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Peace & Life Connections Newsletter October 12th, 2012
From now on, we will be reproducing the Consistent Life “Peace & Life Connections” weekly newsletter on our website. If you are interested in more information, or in subscribing to the e-newsletter, please visit www.consistent-life.org/
The Catholic Church in the U.S. designates October as Respect Life Month with a program in its parishes that includes distribution of a set of educational materials. Non-Catholics may find some of the materials suitable as well. Issues of abortion, euthanasia, and the death penalty are normally covered.
Coerced abortion is one of many forms of domestic violence against women, and domestic violence also makes women more likely to seek abortions. Domestic violence can result from abortions as well, in the stressful aftermath. Feticide is itself a form of domestic violence – the strong committing lethal violence against the weak.
Coerced euthanasia is also itself a form of domestic abuse against the elderly. The very presence of euthanasia as a “voluntary” option can be pressure against the vulnerable, especially those already subjected to abuse.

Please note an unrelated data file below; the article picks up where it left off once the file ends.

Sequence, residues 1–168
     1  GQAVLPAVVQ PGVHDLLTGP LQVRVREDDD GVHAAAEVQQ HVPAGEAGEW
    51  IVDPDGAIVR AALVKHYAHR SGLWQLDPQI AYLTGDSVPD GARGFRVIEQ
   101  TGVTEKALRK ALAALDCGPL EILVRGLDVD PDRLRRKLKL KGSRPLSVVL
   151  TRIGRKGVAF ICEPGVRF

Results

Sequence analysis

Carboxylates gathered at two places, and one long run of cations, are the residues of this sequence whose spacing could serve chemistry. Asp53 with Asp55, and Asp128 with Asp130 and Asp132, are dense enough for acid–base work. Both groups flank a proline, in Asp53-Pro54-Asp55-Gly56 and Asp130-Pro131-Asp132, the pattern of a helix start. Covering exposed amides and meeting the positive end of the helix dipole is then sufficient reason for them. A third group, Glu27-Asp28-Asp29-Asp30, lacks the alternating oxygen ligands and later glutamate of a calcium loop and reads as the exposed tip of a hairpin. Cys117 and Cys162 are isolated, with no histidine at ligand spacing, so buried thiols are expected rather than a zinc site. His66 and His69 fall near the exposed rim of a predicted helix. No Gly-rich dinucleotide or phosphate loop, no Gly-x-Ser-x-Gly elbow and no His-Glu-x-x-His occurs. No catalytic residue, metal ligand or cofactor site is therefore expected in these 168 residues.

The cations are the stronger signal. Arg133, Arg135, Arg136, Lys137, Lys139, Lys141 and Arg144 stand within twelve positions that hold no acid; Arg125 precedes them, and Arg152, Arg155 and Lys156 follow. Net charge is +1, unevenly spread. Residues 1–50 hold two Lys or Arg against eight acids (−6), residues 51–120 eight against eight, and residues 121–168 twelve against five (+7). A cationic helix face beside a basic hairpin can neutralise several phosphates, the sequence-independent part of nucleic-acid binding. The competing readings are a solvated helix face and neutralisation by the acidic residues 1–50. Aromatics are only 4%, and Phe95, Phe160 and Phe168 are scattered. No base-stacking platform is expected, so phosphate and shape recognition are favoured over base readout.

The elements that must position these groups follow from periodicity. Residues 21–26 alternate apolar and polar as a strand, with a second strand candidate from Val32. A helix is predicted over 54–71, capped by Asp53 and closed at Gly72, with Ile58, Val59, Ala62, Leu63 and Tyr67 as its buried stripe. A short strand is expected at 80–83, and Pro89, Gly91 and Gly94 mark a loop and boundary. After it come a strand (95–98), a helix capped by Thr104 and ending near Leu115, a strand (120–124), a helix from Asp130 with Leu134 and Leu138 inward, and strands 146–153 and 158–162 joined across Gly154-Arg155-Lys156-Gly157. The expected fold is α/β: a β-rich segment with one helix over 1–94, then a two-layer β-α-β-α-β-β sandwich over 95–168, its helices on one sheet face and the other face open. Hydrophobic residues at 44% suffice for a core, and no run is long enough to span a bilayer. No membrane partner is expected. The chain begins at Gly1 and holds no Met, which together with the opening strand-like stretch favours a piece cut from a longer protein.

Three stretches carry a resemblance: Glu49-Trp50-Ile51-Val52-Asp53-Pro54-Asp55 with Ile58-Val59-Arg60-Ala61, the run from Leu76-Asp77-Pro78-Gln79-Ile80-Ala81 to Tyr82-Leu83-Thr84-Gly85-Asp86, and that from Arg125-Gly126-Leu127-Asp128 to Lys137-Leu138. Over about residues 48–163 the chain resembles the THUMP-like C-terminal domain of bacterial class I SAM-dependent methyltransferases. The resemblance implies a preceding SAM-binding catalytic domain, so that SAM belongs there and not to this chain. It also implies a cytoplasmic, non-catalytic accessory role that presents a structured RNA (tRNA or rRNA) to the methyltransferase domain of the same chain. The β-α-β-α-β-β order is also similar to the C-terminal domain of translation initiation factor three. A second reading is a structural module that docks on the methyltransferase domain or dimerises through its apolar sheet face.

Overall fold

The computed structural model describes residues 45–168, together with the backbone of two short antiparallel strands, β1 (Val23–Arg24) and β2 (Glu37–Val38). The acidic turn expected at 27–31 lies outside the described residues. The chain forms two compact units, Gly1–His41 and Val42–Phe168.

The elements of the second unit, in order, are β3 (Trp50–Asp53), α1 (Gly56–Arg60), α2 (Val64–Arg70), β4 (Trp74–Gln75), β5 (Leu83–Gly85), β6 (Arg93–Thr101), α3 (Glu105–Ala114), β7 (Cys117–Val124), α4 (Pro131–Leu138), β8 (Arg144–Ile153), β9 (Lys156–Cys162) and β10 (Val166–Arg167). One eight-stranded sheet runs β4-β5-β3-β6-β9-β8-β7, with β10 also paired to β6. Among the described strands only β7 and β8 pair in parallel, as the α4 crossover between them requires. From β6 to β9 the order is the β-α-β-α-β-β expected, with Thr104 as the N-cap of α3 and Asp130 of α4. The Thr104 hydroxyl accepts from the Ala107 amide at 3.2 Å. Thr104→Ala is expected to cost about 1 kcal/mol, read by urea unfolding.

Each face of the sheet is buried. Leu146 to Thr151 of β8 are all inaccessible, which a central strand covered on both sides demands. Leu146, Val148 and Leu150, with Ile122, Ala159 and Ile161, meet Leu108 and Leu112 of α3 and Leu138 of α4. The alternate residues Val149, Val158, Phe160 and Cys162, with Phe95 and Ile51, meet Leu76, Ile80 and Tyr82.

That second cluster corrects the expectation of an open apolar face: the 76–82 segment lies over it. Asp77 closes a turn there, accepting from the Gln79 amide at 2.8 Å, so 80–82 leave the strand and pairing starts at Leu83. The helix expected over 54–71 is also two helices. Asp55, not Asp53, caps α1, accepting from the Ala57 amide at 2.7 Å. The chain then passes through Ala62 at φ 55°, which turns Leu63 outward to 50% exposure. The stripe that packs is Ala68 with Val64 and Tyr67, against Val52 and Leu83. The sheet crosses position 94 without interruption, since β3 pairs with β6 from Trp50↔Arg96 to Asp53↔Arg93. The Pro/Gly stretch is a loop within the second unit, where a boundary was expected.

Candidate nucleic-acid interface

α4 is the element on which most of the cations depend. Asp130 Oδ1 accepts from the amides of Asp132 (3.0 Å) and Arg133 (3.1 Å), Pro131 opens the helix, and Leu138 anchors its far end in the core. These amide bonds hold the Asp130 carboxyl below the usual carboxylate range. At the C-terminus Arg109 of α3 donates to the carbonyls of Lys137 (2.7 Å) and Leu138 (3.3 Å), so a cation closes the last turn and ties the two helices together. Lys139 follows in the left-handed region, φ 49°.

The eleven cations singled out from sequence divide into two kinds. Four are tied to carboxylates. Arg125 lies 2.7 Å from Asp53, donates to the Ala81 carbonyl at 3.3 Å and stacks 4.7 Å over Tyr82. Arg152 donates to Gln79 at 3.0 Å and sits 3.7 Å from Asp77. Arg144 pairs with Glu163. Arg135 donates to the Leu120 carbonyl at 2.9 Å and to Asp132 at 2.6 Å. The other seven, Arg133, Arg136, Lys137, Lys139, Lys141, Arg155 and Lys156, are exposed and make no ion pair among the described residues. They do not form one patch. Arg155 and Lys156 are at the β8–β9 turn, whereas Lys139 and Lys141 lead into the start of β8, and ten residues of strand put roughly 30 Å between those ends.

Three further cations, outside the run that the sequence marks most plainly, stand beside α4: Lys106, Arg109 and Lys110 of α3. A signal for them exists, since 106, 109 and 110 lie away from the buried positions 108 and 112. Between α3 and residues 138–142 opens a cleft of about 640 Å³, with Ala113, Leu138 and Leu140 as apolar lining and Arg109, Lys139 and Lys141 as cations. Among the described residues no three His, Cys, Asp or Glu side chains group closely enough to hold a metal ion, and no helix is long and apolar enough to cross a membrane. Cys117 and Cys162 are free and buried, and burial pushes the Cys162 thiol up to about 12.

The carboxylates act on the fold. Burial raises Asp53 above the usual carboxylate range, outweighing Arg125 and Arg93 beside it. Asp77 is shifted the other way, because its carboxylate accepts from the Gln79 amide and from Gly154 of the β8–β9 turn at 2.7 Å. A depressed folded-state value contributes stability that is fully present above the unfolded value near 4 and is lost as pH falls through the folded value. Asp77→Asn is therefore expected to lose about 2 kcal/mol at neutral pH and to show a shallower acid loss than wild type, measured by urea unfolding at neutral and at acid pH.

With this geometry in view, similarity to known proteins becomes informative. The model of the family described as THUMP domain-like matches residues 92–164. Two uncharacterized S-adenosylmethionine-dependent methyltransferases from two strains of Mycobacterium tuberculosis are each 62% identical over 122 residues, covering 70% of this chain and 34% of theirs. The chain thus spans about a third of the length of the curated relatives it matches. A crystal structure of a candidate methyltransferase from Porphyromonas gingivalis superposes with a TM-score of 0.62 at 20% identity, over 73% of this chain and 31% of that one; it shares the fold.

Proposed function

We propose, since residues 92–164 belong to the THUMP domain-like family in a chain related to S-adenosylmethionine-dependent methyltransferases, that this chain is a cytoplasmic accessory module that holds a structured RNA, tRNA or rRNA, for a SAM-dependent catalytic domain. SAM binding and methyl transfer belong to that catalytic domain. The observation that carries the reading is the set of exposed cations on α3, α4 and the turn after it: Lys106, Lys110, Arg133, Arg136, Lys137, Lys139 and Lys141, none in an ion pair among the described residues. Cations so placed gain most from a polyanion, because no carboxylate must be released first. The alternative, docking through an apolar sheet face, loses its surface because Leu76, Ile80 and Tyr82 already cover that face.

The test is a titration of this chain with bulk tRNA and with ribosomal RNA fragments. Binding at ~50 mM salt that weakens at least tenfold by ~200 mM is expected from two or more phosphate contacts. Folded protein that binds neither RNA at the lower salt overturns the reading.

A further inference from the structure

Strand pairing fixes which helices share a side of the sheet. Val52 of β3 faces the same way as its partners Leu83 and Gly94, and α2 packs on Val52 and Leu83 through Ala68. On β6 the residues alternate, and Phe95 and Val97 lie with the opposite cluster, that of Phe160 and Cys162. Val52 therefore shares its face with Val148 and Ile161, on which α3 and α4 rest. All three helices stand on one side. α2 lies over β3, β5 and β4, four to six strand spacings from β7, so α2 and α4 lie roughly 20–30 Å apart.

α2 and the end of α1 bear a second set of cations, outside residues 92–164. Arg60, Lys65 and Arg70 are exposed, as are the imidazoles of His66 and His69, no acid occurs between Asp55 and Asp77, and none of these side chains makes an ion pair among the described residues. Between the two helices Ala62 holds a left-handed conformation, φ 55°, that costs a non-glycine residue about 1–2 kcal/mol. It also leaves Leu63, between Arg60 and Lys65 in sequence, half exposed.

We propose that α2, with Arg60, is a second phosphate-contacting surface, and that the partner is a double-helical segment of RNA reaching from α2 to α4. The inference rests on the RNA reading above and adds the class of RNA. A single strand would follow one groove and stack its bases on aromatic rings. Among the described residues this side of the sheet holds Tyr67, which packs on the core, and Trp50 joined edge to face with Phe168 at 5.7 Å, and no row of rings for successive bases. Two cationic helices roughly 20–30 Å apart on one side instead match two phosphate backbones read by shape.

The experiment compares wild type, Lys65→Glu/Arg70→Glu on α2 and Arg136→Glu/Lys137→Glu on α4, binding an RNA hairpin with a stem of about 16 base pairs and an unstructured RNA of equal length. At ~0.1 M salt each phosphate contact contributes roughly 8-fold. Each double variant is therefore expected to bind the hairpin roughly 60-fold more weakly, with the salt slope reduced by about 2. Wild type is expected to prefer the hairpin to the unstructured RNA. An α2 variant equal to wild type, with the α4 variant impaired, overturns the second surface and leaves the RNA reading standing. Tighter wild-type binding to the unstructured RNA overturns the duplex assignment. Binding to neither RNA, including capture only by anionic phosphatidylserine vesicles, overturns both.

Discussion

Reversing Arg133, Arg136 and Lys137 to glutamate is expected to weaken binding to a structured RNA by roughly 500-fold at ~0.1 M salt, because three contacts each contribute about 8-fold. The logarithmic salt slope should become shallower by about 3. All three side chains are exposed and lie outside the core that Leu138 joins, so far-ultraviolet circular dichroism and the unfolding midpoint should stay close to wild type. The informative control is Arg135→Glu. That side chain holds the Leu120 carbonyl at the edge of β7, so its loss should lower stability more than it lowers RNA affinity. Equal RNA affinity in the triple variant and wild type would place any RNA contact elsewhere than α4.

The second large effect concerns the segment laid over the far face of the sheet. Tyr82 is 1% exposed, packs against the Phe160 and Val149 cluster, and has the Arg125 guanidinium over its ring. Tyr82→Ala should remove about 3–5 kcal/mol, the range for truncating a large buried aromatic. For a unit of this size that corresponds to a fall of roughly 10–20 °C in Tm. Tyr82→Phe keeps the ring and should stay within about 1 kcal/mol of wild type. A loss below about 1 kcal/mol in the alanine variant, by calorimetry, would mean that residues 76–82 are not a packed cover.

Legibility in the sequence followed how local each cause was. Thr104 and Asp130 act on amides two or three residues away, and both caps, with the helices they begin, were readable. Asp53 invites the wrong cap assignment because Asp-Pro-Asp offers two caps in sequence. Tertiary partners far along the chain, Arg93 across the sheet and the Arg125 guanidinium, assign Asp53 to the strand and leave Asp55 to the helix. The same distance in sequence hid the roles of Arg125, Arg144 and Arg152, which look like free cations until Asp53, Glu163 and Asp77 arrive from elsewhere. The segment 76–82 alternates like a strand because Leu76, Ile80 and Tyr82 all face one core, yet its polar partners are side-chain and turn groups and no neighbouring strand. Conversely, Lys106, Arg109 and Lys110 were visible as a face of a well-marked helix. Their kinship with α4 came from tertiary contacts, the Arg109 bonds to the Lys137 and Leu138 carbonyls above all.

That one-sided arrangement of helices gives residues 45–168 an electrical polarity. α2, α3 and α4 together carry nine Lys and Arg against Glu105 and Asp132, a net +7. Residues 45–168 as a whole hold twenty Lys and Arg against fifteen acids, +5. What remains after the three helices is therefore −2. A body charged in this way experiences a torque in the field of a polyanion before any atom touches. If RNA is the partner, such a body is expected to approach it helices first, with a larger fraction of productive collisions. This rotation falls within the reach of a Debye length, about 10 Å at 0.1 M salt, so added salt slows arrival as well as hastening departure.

We anticipate having more to offer on these points in future October issues. Anyone who has a specific resource or education on this point (or any other) can share it with us at email@example.com.
Today roughly 1.3 billion people—about one-fifth of humanity—live on what would be equivalent to a little over $1 in the United States.
As an illustration, consider the Indian district of Udaipur, where about half the population lived at this poverty level in 2004: most households living in such poverty owned a bed but more than 90 percent lacked a chair or table; none had indoor running water. The infant mortality rate was 10 percent—a striking fact for pro-lifers.